Coach Samson Dubina US National Team Coach 4x USATT Coach of the Year

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Mental Strategies - Part 19

There are 3 things that you can control

Here are some of the attacks against your commitments; pressure thoughts about needing to win or fearing to lose, awareness of others’ expectations, other competitors’ gamesmanship, injuries, nets and edges, poor lighting and slick floors. None of the issues would matter as much to you if you weren’t striving to be something greater. However the higher your table tennis game elevates, the greater the potential for distractions that can suck the commitment right out of you like a mental game undertow. The good news is that nothing can happen in your competition that can unseat you from your game, unless you let it.
Turn everything to your advantage. After a demanding table tennis match, most competitors can tell you what they would have done better or differently. Often they can do this immediately following the competition. Curiously few table tennis players can step back from the action, while it is occurring, in order to resolve whatever is challenging them. The first step to turning any situation to your advantage is to take at least 30 seconds to ask yourself, “What is happening here, and what do I intend to do about it”? Under stress most table tennis players’ mental processes pick up speed. You have to discipline yourself to do the opposite. Take time, make space, step back and do some self inquiry. It will save more of your games than you can believe.
You have to expect people to act differently at pressured events; total commitments means that you do not take anything that happens in competition personally. In table tennis, as in life, you have to have confidence in your own game. You know where your focus has to be. Get your attention only on the game. By the time the competition ends none of that stuff will matter, unless you are looking for excuses.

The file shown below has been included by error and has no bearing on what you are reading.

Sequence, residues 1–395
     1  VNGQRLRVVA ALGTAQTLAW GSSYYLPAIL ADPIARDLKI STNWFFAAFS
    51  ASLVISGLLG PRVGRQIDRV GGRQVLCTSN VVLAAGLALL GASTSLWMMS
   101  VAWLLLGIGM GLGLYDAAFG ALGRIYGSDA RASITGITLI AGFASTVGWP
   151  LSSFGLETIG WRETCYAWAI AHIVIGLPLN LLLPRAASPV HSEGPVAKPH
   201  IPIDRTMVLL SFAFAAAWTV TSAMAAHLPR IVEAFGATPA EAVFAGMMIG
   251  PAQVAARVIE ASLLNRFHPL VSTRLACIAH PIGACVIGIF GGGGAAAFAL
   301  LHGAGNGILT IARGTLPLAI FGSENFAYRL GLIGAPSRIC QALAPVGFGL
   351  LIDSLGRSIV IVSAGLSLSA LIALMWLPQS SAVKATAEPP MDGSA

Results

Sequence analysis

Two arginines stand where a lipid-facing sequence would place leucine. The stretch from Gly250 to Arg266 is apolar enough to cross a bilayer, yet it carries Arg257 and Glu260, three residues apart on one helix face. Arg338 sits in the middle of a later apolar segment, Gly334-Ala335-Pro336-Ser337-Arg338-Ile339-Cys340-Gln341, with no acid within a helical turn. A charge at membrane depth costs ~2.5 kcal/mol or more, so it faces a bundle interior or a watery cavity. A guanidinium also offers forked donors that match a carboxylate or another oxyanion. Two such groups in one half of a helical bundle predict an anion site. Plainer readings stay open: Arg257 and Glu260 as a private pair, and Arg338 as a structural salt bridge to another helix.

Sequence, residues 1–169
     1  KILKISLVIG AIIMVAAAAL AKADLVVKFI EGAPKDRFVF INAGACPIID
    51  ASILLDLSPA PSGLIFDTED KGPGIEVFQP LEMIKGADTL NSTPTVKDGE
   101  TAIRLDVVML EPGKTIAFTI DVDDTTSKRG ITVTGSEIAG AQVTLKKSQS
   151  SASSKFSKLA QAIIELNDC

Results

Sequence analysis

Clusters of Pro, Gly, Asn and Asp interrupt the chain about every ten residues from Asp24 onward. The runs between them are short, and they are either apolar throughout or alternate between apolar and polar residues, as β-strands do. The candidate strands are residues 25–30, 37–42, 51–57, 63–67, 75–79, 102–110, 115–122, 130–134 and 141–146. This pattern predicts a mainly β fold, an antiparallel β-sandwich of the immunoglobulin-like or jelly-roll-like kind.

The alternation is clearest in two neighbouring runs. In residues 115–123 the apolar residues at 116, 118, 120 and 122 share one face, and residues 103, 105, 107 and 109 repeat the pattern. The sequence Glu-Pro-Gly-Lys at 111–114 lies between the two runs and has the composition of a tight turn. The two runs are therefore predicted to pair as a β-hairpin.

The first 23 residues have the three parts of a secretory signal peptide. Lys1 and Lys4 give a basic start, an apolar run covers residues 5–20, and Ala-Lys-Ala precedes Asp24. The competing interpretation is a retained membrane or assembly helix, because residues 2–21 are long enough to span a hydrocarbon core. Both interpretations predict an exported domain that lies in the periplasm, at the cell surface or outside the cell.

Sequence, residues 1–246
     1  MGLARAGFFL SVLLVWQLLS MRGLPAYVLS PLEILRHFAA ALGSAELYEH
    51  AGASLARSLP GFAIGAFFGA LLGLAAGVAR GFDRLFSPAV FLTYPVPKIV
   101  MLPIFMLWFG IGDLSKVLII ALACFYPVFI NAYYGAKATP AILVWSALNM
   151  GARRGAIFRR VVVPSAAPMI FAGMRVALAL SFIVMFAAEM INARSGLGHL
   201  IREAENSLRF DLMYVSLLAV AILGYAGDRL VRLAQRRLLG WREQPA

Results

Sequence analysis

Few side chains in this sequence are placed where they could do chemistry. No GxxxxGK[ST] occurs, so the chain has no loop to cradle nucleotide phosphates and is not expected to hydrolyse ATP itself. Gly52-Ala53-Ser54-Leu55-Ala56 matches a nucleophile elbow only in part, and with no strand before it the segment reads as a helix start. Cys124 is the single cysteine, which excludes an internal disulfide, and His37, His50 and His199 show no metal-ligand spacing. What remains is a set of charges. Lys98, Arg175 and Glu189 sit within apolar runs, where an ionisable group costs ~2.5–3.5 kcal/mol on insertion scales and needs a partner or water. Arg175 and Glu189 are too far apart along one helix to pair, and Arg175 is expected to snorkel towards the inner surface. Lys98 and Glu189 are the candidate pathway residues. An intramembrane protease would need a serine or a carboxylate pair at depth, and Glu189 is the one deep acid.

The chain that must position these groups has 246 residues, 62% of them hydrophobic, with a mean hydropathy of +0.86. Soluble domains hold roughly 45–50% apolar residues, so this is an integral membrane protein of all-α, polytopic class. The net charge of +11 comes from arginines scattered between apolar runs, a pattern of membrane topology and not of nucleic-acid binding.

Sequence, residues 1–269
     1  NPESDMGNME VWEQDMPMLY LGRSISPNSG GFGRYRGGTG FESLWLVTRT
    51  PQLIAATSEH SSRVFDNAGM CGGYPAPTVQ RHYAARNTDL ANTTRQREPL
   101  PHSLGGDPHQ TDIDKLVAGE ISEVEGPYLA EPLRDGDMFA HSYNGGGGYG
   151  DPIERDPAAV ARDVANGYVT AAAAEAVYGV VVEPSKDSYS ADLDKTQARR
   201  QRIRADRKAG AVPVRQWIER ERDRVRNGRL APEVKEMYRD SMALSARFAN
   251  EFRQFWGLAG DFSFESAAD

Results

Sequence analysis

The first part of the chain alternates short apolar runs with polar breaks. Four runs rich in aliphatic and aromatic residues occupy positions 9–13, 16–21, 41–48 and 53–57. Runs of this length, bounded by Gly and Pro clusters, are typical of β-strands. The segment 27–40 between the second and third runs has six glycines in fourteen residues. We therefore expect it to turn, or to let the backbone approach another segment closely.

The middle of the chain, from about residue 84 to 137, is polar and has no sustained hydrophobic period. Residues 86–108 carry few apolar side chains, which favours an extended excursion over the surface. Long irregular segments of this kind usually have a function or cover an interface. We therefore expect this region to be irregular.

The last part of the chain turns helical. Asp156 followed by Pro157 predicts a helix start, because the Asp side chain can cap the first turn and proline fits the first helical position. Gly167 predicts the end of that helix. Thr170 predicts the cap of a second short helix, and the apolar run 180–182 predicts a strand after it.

Everything that happens in table tennis competition is practice for what happens next. Committed table tennis players are learning machines. Wimpy table tennis players get hung up on problems and mistakes and never move forward. Committed players can lose a tough match, get up, assess what happened, and then put the new learning into play. All table tennis competition moves them forward. Believe it or not committed table tennis players are proud that they showed up for the competition; they do not sweat what other think of them.
Remember there are only three things that you can control: what you think, what you visualize, and what you do. You can not do anything about the points you have already played. You can not do anything about your history of performance in pressure situations. You cannot do anything about the score to this point. You have to forget all of that, other than whatever learning you have gained about how to play the shot, and go for it. Have a plan for a strong mental game and work your plan. Keep positive thoughts, they become words and follow you like your shadow. Your greatest competition is in your mind.